Is Asbestos In Popcorn Ceilings Safe?

Spray-on popcorn ceilings were immensely popular in the early 1950s to 1980s. Better known as “popcorn ceiling,” “stucco ceiling” and/or even called “cottage cheese ceiling,” this material was generally one to ten percent asbestos. So, it begs the question, is asbestos in popcorn ceilings safe?

Identifying Asbestos In Ceilings

There are many ways to figure out whether your popcorn ceiling has any asbestos. One way is to purchase a kit that allows you to test your ceiling or you can pay a professional asbestos removal company to visit your home.

When purchasing an asbestos kit, you will have to extract a sample of the ceiling and mail it into a lab for examination. Hiring a professional team is tremendously safer, but most likely a pricier option. If you in turn do go down the path of testing for the asbestos yourself be sure to also test the ceiling for lead paint, as that was also commonly used during the era of the popcorn ceiling.

Simply put, any percentage of asbestos in your ceiling is dangerous, so be sure that nothing disturbs it and decide whether or not you’d like to encapsulate it, or have it removed altogether.

Stucco ceiling overall is an easily damageable material. This material can even release toxic smoke at even the smallest of disturbances. Inhaling such asbestos smoke can cause serious injury and can even lead to diseases such as asbestosis, or lung cancer, and possibly mesothelioma.

It’s Not About How Much – It’s The Excess That Spreads

Whether the base level of your ceiling has one or ten percent asbestos, the same rules apply. The ceiling actually won’t damage your health if it is untouched by anything or properly quarantined away. In the long run, it is way safer to just have it professionally removed.

Tips On How To Live With Asbestos In Your Popcorn Ceiling:

  • Be sure to not pester the ceiling with any objects that may damage it such as nails, and/or screws.
  • Tall shelves can sometimes be an issue if they’re tall enough to scrape the ceiling, so be careful.
  • Don’t bother any of the contaminated areas with any furniture or longer objects when moving in/out.
  • Peeling, dampness, and even age to your popcorn ceiling may result in having to get it professionally removed or quarantined away.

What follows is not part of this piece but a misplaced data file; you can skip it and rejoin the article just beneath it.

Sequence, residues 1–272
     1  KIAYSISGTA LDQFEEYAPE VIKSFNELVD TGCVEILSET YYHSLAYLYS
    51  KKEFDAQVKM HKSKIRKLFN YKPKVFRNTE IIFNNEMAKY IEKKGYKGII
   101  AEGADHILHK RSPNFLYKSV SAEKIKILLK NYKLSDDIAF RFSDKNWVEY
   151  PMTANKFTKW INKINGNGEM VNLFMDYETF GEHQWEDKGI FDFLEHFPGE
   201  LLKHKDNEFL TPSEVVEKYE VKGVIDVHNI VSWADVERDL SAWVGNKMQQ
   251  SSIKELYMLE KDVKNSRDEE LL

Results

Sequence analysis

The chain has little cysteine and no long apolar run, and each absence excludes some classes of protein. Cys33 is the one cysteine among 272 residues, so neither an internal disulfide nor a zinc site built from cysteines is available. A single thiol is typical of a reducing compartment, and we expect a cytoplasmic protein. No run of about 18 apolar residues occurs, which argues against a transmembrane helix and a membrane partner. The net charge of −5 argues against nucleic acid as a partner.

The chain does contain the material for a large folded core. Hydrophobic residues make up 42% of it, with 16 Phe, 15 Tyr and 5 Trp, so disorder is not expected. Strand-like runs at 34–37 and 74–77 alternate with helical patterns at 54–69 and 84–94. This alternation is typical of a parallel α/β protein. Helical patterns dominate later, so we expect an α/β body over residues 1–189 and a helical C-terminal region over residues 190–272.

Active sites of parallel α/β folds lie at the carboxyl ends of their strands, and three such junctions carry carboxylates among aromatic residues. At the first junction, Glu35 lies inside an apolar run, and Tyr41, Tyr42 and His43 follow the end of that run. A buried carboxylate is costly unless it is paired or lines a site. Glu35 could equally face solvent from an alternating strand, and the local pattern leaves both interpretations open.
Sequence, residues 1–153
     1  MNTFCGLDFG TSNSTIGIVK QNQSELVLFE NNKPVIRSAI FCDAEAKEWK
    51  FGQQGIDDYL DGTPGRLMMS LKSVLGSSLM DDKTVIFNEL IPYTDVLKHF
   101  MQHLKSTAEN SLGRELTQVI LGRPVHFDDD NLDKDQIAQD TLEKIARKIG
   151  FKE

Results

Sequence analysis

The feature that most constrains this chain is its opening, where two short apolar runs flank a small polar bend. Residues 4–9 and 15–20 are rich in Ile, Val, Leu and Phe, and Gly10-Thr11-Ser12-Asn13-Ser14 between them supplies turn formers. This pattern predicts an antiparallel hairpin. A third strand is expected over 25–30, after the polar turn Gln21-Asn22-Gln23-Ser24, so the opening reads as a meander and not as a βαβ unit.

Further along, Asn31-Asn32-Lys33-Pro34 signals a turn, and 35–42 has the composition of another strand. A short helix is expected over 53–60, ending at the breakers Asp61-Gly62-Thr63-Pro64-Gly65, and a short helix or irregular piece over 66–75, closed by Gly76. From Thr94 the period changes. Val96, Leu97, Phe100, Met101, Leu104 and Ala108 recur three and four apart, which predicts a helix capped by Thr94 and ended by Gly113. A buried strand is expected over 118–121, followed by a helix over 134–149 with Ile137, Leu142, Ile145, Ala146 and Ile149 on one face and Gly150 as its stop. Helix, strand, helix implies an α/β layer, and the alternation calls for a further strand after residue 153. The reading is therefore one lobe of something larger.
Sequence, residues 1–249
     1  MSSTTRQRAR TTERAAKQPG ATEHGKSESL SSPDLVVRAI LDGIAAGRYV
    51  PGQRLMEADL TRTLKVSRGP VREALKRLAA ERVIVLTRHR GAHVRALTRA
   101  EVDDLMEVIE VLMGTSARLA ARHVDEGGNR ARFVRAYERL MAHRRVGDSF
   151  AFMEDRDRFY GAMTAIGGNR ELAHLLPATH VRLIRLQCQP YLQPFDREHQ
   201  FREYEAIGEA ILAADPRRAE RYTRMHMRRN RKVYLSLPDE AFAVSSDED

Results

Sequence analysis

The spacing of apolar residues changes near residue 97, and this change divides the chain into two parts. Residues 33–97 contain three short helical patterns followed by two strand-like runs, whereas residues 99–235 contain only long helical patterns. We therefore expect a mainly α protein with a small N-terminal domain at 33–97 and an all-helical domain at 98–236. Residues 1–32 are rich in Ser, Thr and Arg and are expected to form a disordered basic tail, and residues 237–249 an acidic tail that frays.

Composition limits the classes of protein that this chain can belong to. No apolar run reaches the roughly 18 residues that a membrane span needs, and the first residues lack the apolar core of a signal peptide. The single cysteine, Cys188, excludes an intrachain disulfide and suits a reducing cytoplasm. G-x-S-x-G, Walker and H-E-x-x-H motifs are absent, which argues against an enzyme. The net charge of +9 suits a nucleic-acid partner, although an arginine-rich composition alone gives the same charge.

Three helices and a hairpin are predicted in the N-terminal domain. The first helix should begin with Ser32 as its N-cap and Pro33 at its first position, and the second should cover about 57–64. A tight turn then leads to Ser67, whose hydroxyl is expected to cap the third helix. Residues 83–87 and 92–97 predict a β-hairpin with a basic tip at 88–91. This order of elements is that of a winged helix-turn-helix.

How Can You Quarantine Your Asbestos Filled Popcorn Ceiling?

When It comes to quarantining your ceiling this means to not have any sort of access to the location so it doesn’t release any asbestos dust. The typical ways of solving the issue can be covering the location with new ceiling panels or you may use vinyl paint. The best decision, though, would be to hire a professional.

How Can You Remove Asbestos Popcorn Ceiling?

In most cases, it’s better to have professionals resolve the issue properly right from the jump. With this in mind if it isn’t immediately resolved, it may become more expensive down the road. It is up to you as the homeowner to do what you want with it. In the instance that you do not want to remove this, check with your local laws as some states have rules against asbestos being in multifamily homes or commercial buildings. Single-family homeowners have mostly full access to perform asbestos removal on their own, although every state/city is different.

Precautions When Removing Your Asbestos Popcorn Ceiling

  • Furniture in the room is a no go.
  • Turn off the ventilation system within your home to contain the toxicity and avoid spreading.
  • Windows and doors need to be sealed with plastic.
  • All peoples/animals shouldn’t be near the area without any protective gear.
  • Respirators with air filters are very common in instances during removal, so be sure to wear one if possible, paired with an air purifier.
  • Cover any open skin, hair and avoid any contact with asbestos debris.
  • Wet the popcorn ceiling material as this will prevent the asbestos from entering the air.
  • Asbestos waste should be disposed of separately from normal trash.

Neglecting any guidelines enforced within your community can be costly. Some insurances doesn’t even cover asbestos contamination due to renovations on the home.


The Asbestos Institute is not the official authority to determine OSHA training requirements, which are set forth in the Occupational Safety and Health Act of 1970. OSHA regulations are always being revised, added, and/or deleted, so you must not rely on The Asbestos Institute as the official authority of OSHA asbestos training requirements. Visit the official OSHA Asbestos Training Requirements page here.

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